hybrids used as the basis of the sunflower industry which provides seeds,
oil and other products. So be sure to look with appreciation because
the wild flower before you may have been one of the founding species of
the $400 million sunflower industry.
Because they are food for animals, plants
are the real source of animal products we consume - beef, chicken, and
fish. Even dairy products such as milk and ice cream would not exist
if dairy cows did not have grass and other plants to eat.
Plants are immensely important for the
consumer goods they provide. Look around you. Fibers from plants
provide clothing. The paper for documents, the cardboard in boxes,
and the wood used to build our homes and offices depends on plants as well.
From the spearamint in your toothpaste to the jojoba oil in your shampoo
to floral perfume, plants have contributed to the things you find in your
bathroom. Beyond the more obvious plant derived products surrounding
you, it might surprise you that even future fuel needs may also be met
by plants. Possible fuel sources include hydrocarbons derived from
species like gopher plant or alcohols derived from corn and sugar cane.
While many of the most important industrial products come from relatively
common plants, rare and uncommon plants have provided exotic substances
ranging from insect repellent to lubricants. Use as industrial products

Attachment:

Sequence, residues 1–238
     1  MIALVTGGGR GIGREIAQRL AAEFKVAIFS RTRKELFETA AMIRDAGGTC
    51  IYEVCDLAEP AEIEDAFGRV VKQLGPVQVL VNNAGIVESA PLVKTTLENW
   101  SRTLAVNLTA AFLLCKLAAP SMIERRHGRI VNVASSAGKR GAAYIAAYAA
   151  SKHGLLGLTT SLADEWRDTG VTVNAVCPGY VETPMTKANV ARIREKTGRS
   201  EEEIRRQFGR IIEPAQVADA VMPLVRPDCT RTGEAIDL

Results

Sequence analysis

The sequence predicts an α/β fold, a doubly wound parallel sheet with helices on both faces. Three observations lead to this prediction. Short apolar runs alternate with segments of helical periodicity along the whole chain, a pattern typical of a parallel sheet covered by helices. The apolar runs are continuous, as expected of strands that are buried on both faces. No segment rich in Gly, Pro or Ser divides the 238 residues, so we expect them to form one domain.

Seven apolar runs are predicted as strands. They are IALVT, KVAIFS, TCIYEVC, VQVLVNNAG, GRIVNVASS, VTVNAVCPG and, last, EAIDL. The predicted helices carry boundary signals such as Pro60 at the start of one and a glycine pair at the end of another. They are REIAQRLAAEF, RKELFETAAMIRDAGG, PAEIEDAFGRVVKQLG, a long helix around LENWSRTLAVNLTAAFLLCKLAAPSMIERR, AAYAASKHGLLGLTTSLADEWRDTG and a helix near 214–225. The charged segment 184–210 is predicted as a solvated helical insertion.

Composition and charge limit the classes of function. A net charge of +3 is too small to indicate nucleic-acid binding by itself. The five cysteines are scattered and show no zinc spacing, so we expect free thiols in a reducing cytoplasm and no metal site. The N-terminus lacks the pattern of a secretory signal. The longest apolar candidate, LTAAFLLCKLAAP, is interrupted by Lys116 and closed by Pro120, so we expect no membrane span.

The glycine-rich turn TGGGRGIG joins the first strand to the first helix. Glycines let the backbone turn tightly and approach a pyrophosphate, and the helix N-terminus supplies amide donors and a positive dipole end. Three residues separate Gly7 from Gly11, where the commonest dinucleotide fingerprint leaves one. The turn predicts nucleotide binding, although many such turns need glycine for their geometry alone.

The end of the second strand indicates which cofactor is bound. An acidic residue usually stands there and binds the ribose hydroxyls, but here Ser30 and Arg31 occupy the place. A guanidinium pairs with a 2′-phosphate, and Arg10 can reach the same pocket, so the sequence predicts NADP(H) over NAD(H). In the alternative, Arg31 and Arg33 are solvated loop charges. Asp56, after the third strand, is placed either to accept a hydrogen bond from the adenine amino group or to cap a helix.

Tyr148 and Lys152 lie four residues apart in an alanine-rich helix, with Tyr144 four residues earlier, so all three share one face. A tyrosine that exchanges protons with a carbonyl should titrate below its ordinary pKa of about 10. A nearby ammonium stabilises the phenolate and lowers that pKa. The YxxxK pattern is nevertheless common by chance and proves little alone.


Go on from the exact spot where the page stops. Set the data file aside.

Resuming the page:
is yet another barely examined potential of plants.
Plant communities form the basis for many
important recreational activities, including hiking, fishing, hunting,
photography, and nature observation. Could you imagine fishing in
a pool surrounded by concrete or photographing animals and birds in an
asphalt parking lot? Without the plants creating the habitat as the
backdrop for those activities, recreation simply would not be as enjoyable
and aesthetically pleasing.
The oxygen in the air we breathe produced
by the photosynthesis of plants. Not only is the air produced by
plants, but the quality of the air can be greatly influenced by plants
as well. Vegetation can restrict the movement of dust and pollutants,
and plants, through their intake of carbon dioxide, can moderate the greenhouse
effect resulting from the burning of fossil fuels.
Plants are extremely important to the
quality of the water we use. A diverse cover of plants aids in maintaining
healthy watersheds, streams, and lakes by holding soil in place on the
banks, regulating stream flows, and filtering sediments from water by slowing
The delicate wildflowers and other plants
that dot the hillsides through spring, summer, and fall protect the soil
from rampaging rains as they have done for thousands of years. Without
adequate plant cover and root systems holding it in place, wind or water
will carry away the thin mantle of soil upon which our existence depends.
Regional climates are influenced by plant
cover. Forests and marshes, for example, can greatly moderate local
climates. Natural disasters, such as drought, have been attributed
to the destruction of forests and other critically important plant communities.
Fish and Wildlife
Plants and plant communities provide the
habitat necessary to sustain wildlife and fish populations. Plant
communities are the basis for virtually all terrestrial animal life because
they provide the vital compnents of survival, food and shelter. The
wildflowers you gaze upon aren't only beautiful, but useful as well, serving
as animals' meals and homes. Without the appropriate habitat to support